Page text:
The University of Pennsylvania Journal of Law and Social Change has published an article by Ke Gang, ‘18, “Federal Courts’ Habeas Corpus Jurisdiction on a Secretary of State’s Extradition Decision in the Context of a Convention Against Torture Challenge.”
The article focuses on a split in the circuit courts as to whether federal courts have habeas corpus jurisdiction to review the petition challenging the Secretary of State's extradition decision that might lead an extradited person to be tortured. It argues that habeas corpus review of extradition decisions is appropriate under common law principles.
The article notes that the U.S. Senate ratified the U.N. Convention Against Torture in 1990, signifying recognition of the fundamental right of an individual not to be forcibly returned to a country where he might be tortured and that the U.S. enacted binding laws and regulations that require the secretary of state to make a torture determination before surrendering an extraditee who makes a claim under the convention.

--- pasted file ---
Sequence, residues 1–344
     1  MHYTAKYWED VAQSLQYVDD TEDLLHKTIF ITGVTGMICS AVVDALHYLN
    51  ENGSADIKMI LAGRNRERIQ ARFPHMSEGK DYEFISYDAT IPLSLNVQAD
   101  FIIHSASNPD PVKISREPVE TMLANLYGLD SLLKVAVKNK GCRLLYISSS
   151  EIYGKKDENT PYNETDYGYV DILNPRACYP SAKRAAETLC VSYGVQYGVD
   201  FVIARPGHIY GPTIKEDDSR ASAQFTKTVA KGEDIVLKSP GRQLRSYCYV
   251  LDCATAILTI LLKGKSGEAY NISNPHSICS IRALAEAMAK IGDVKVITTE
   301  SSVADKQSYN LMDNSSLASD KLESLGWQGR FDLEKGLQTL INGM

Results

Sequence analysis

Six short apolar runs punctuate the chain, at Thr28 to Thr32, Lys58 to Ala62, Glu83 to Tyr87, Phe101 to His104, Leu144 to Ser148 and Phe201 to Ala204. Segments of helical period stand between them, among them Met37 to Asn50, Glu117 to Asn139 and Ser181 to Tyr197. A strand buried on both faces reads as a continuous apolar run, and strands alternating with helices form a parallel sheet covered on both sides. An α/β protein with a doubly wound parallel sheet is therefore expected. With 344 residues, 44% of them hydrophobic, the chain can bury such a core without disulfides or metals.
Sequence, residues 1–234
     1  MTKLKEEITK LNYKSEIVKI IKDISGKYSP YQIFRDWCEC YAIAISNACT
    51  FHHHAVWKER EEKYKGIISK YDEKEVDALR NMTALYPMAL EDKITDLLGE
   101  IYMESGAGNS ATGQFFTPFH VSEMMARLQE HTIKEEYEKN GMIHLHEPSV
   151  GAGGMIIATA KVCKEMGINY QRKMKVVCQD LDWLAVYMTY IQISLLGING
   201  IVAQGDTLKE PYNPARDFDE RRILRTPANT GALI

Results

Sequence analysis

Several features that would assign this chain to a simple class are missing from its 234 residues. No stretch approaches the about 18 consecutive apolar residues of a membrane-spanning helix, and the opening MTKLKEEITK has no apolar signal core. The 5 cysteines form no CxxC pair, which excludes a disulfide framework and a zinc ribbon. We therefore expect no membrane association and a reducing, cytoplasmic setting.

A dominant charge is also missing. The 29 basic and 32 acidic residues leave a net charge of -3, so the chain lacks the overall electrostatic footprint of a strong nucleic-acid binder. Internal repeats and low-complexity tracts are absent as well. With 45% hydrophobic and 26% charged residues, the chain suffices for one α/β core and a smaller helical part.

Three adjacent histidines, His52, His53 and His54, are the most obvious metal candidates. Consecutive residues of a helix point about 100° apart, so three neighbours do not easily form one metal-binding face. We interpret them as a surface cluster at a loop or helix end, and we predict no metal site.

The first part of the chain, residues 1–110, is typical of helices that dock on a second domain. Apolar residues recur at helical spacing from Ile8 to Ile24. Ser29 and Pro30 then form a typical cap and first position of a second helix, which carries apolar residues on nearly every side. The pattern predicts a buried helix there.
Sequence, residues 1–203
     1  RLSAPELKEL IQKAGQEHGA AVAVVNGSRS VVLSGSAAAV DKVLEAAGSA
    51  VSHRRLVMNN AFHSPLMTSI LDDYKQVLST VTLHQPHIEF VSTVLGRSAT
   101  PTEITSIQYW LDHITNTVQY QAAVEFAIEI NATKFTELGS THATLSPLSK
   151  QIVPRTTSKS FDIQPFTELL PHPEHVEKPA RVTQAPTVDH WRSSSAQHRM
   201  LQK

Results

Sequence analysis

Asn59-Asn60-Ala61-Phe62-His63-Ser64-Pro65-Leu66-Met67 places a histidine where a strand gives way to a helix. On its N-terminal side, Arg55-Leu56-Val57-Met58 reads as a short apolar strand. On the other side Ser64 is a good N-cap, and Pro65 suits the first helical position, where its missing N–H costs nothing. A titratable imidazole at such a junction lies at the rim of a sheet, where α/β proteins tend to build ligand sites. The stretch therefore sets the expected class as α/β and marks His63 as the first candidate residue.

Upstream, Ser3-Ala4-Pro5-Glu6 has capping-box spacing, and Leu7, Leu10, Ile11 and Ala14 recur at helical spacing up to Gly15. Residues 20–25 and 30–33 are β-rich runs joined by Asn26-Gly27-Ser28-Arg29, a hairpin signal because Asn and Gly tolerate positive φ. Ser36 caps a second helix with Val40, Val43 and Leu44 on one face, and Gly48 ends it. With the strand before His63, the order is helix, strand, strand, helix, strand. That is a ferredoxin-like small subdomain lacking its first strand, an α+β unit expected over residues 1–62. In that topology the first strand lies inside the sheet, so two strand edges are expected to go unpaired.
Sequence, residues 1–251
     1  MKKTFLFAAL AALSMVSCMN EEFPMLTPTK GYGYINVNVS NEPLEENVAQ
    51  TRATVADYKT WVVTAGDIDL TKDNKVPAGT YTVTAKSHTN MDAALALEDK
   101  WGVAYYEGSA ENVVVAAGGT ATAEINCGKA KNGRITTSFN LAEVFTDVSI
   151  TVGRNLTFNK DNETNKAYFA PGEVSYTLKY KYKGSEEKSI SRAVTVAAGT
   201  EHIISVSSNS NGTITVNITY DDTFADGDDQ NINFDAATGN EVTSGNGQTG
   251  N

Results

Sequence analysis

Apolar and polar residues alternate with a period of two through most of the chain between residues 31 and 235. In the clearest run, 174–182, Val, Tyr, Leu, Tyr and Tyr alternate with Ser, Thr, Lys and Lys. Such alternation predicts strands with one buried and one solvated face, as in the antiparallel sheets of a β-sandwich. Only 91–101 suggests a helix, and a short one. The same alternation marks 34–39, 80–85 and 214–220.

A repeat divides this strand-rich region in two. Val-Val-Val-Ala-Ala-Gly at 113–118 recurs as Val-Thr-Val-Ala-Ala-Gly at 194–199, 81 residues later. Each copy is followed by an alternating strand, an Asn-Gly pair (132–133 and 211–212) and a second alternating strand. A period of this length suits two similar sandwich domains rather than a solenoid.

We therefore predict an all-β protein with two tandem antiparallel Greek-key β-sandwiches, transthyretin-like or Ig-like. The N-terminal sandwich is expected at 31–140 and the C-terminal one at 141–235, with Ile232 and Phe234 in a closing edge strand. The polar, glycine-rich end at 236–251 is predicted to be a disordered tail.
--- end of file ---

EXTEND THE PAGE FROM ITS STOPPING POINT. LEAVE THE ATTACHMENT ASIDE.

Gang discusses habeas corpus review over extradition decisions by examining constitutional, statutory and common law principles as well as the judicial branch’s competence in dealing with challenges under the convention. She notes that the prospect of violating an individual’s due process rights in extradition hearings is high, since they are executive and summary proceedings that do not ensure a fair procedure or neutral decision maker.
The courts have recognized that habeas corpus review affords the flexibility to eradicate fundamental injustice, Gang argues, making it “a reasonable solution for correcting the miscarriages of justice in extradition proceedings.”
A native of China, Gang is working for the Zhong Lun law firm in Beijing. She has also been admitted to practice law in New York.